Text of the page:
A bit of history and some stories about vintage bikes for sale

’87 Yamaha SRX 250

Small bore motorcycles are far and away the most fun when you are riding tight twisty roads, and this is the perfect little bike. This little bike was way ahead of it’s time here in the US. Yamaha had a unique capability of bringing bikes to the states that were loved by journalists but, weren’t well received by buyers at the time but generated a class that still lives world wide and is just coming back around here. The TDM 850 (1992-1993) is my best example. It has come back as the ‘Super Tenere’, nearly 20 years later, (which is also a name from the past) and is selling pretty well.

I seem to have this penchant for acquiring motorcycles that weren’t very popular here in the US. Yes, I do have a small fleet of Honda 350’s, (the biggest selling motorcycle of all time), I rode a Honda CB750 for years, but I do love the unique (read, hard to find parts for…) motorcycles. am currently working on an SRX600, which only came to the States for one year. A year later (1987), Yamaha tried again with the SRX250, a neat little sled…a quick handling, revvy little single, quarter fairing for the racy look and trying to attract the commuter rider. Well, it lasted just one year here too. Ironically,the Kawasaki EX250, aka; The Baby Ninja, came to the US around the same time and is still selling really well…Kawasaki can’t make enough of them…!! Honda has joined the game with the new CBR250 Single which is also selling really well and loved by all the moto magazines world wide. So, why didn’t the SRX250 succeed??? Beats the hell out of me. Light, sorta quick (a bit slow revving for a little bike, because the motor actually came from the XT250 Dual Sport), great handling, electric starter and sport bike styling. A great package. So again, why did Yamaha give up after just one year in the US? Sigh.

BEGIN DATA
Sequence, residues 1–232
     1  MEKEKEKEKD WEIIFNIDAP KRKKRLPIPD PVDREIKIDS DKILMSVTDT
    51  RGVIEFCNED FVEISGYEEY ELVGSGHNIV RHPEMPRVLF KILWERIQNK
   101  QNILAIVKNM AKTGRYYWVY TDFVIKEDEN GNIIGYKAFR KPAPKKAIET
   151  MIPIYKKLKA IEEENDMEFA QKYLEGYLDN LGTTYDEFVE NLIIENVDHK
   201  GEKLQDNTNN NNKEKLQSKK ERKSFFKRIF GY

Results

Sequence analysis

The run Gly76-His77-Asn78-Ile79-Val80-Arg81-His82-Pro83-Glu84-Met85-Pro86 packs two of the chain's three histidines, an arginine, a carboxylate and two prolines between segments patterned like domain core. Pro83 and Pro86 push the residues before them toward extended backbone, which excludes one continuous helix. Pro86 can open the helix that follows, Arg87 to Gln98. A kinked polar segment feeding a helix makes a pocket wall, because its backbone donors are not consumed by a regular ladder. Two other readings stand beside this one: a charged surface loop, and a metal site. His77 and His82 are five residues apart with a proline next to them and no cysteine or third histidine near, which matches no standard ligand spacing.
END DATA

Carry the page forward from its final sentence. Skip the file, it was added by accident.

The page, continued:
So, I found this neat little SRX250 in really great condition on ebay today. The owner did a couple of mods that in this case, really make the motorcycle, in my and apparently the owners opinion, better. He took the fairing with it’s rectangular headlight off, fitted a round headlight to the front, changed the funky looking side panels from black plastic to cool looking stainless steel, but other than that, kept the motorcycle as it was designed.

It starts right up, runs great, has only 6300 miles on the clock and should be a blast to ride. One of the good things about this little road rocket is that because it’s motor is based on the XT250 powerplant,(which is still around) finding parts won’t be an issue. There are plenty of resources for suspension upgrades if you find the need, and the web is full of forums and groups for the SRX models.

Click on the pics below for more info and the chance to get a really fun ride at what seems to be a very good value at this time

’87 Yamaha SRX 250


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